Sez Les: Owls great recalled as caps go under the hammer

Sheffield Wednesday around 1930 Left to right: Tommy Walker, Ellis Rimmer, Harry Burgess, Jack Brown, Ernest Blenkinsop, Walt Millership and Mark Hooper
Sheffield Wednesday around 1930 Left to right: Tommy Walker, Ellis Rimmer, Harry Burgess, Jack Brown, Ernest Blenkinsop, Walt Millership and Mark Hooper
0
Have your say

He was a star in Sheffield many, many years ago and, in view of his record, one of the great names in his club’s history.

In the past week, the name of Jack Brown resurfaced in the city where he made his name and was to win medals and earn international recognition.

Of course, it might not mean anything to most but might just ring a bell with keen Sheffield Wednesday fans. It ought to do.

Jack Brown is the second highest appearance maker in Wednesday’s history and one of only three players to make over 500 appearances for the club.

He won the League title (yes, that’s the Premier League now) twice with the Owls and also the FA Cup among other medals and was good enough to play for England six times.

And it was those smart, velvet caps they awarded to internationals in those days which had Jack the centre of attention again. They were up for sale.

Sheffield Auction Gallery at Heeley put five of them under the hammer at their latest sporting memorabilia sale and would have been delighted at what they fetched.

Three of them went for £1,300 each and the two others for £1,200. Around double the estimate. The sixth cap wasn’t on the list.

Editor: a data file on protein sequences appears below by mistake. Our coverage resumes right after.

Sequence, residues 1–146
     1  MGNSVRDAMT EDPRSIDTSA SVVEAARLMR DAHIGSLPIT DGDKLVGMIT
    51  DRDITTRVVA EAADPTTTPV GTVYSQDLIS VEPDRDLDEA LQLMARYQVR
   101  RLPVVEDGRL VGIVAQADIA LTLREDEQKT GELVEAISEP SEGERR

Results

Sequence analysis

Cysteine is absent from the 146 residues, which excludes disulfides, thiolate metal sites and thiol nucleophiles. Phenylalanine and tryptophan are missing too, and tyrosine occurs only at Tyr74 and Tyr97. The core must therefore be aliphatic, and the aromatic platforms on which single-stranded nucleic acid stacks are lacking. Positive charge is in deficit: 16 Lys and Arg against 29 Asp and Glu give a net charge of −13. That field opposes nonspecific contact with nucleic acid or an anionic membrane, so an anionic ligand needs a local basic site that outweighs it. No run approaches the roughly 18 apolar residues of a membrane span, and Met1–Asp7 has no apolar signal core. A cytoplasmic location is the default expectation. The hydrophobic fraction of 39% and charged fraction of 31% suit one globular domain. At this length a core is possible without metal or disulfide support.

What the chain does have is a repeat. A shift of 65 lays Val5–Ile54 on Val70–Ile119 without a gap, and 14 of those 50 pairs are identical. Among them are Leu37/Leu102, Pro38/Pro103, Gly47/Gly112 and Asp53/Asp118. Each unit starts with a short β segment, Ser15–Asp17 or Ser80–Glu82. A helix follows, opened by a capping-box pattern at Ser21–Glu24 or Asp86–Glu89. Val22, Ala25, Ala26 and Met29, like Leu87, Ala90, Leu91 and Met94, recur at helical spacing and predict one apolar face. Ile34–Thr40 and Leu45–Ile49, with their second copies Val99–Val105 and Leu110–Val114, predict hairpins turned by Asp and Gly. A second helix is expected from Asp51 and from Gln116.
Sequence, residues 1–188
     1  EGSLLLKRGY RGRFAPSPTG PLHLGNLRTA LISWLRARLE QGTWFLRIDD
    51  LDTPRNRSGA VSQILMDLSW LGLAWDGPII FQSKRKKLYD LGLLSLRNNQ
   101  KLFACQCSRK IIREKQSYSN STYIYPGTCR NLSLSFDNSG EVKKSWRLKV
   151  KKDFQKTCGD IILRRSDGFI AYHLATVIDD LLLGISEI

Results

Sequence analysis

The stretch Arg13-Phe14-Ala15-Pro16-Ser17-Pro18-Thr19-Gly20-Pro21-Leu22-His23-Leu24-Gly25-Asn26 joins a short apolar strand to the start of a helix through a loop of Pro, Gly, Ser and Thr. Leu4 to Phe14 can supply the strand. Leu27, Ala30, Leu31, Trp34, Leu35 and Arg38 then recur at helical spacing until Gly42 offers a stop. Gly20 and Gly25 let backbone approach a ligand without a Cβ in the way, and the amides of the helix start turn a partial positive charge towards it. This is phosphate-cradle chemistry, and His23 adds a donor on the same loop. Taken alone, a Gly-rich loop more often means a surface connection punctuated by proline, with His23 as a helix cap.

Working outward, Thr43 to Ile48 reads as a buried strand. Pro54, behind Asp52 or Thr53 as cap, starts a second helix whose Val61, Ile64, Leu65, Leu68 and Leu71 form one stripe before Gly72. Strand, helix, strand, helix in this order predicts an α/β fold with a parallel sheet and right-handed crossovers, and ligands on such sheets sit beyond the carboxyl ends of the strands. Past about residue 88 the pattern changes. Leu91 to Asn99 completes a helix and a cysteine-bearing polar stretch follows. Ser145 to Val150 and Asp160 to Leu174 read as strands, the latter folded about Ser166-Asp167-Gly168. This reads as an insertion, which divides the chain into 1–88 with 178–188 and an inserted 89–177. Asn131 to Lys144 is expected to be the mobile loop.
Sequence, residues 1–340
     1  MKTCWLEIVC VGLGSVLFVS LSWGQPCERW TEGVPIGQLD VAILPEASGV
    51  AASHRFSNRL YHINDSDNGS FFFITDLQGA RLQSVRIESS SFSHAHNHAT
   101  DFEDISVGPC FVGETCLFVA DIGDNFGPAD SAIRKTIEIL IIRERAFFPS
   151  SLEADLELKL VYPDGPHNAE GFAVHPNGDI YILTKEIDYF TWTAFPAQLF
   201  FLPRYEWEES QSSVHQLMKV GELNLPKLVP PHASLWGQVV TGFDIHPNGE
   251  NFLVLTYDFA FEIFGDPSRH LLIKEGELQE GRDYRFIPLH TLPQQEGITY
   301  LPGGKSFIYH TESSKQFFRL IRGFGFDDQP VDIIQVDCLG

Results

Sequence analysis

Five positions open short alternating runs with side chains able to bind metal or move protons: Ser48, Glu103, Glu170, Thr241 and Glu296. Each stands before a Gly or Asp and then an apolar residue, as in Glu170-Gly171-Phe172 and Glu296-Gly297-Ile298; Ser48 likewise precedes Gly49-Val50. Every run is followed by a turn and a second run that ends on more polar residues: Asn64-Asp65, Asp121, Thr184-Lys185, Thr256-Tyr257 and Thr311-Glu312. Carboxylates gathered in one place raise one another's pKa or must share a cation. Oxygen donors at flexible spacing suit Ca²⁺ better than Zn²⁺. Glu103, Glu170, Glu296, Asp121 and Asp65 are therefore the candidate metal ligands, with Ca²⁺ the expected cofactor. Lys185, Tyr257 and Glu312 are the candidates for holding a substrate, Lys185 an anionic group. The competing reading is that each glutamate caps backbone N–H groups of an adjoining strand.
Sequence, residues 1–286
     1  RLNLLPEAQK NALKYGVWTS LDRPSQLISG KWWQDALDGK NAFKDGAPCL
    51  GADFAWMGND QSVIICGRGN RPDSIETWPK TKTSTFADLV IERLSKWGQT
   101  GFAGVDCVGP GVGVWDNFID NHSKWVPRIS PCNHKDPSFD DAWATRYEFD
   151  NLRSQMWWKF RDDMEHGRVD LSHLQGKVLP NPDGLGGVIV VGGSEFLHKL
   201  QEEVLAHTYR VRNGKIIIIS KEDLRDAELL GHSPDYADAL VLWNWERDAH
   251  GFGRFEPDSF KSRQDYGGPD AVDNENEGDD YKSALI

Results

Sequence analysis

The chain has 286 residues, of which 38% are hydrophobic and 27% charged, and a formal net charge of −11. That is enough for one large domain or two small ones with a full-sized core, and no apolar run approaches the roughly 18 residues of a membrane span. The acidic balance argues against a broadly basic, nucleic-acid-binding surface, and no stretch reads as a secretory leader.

Tag on five velvet caps awarded to him for playing in what were termed International Trial matches - which went for between £240 and £380 each - and it adds up to a tidy sum.

There was one other item too and this was a present from Wednesday fans.

It was a 125 piece canteen of cutlery (made in Sheffield, of course) in an inscribed oak case presented to Jack by Sheffield Wednesday Supporters Club in appreciation of him making over 500 appearances for Wednesday - he made 507 in all. It went for £180.

Jack was spotted when playing a ‘blinder’ for Worksop Town in a shock 0-0 FA Cup draw with Spurs at White Hart Lane and signed shortly afterwards for £360. He was goalkeeper in the Wednesday side which won back-to-back League titles in 1929 and 1930 having also won a Division Two championship medal in 1926. He was also the ‘keeper when Wednesday won the FA Cup in 1935 and his international caps were won in 1927 and 1929.

And just think, Wednesday almost let him go two years after they signed him but, luckily, couldn’t get a replacement and so they re-signed him!